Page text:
What questions should I ask myself before investing?

Like most new endeavours, it’s worthwhile to approach investing with a clear intention and clearly defined goals.

Daghlian recommends asking and answering the following:

  • Why do you want to invest?

  • What are you willing to risk?

  • What are you expecting from your investments?

  • What's your time horizon (how long do you want to keep your money in the investment)? 

Okay. Let’s say I want to invest in the share market. Where do I start?

There are more than 2,300 companies listed on the Australian Securities Exchange (ASX) alone. While it’s great to have that much choice, it can also be hugely daunting for beginners. 

Daghlian recommends starting with what you know — or can easily learn through research. (You can find a company’s annual report and financial results statements by searching its name on the ASX website, for example.)

"There are times when you just can’t get around your head around what the company does or how it makes money, and that might be a sign to try something else," he said.

Daghlian says that ETFs can also be a good springboard for beginners. 

ETFs give you exposure to a diverse portfolio without having to invest in lots of individual shares. And because they are traded on the share market, they are relatively easy to buy and sell. With CommSec Pocket (found in the CommBank app), you can get started with ETFs with as little as $50.

Once you’re ready to dive in, you can set up an online account with a broking platform, like CommSec, and follow the instructions. Or if you want someone else to do the work, you can use a full-service broker who can advise what to buy/sell and do the trading for you. That comes at a higher fee, of course. (You can find a list of stockbrokers on the ASX website.)

How much do I need to know about the share market to invest? And where can I find reliable information?

"You certainly don't need to understand every single part of the market when making one investment," says Daghlian.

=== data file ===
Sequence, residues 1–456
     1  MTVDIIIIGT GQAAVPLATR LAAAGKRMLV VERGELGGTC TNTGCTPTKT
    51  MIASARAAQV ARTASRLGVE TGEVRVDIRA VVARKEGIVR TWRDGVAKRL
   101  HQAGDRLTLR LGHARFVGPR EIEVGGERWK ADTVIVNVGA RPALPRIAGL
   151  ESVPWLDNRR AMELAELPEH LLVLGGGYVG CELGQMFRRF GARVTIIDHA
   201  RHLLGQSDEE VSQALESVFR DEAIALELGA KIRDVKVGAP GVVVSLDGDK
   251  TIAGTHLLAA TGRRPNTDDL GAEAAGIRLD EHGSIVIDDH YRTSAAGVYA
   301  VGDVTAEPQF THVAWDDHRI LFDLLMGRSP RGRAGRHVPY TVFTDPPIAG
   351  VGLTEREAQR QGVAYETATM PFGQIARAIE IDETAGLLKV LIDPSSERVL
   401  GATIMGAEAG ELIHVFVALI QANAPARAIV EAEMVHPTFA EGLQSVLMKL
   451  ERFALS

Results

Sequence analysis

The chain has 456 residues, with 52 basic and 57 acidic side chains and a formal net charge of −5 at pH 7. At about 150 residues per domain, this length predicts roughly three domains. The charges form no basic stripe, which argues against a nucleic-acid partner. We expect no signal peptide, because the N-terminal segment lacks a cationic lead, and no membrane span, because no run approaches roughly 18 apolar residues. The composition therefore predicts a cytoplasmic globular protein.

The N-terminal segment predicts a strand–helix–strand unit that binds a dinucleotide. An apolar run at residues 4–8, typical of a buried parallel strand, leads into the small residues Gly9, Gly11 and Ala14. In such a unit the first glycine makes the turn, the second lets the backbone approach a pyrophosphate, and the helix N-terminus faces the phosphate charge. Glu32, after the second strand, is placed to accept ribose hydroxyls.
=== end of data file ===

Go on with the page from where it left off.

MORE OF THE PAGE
But he stresses that it’s always good to learn as much as you can about how your investment works and the factors that may affect your returns.

If you’re looking to get across the basics of investing, the Australian Government’s Moneysmart website and the ASX website can be good places to start. 

Stock’d also has a host of easy-to-understand resources covering the essentials from buying and selling to research and risk.

If you prefer info in your ears, the eight-part CommSec Invest podcast will guide you through the entire investing process from how the share market works to getting comfortable with investing and how to level up your investment.

"It’s great for starting out because it covers topics like those in a very easy and entertaining manner," says Daghlian.

To keep an eye on the market, stay tuned to the finance pages on reputable news sites, see announcements on the ASX website, and check in on the research published by major banks and brokers. 

With that info, a plan, and a bit of patience, you’ll be able to tick "investing" off your grown-up to-do list in no time.

Learn the basics about investing with CommSec, Australia's leading online broker, and get started here

This information has been prepared without taking into account your objectives, financial situation or needs. For this reason, any individual should, before acting on this information, consider the appropriateness of the information, having regards to their objectives, financial situation or needs, and, if necessary, seek appropriate professional advice.

Feature Image: Getty.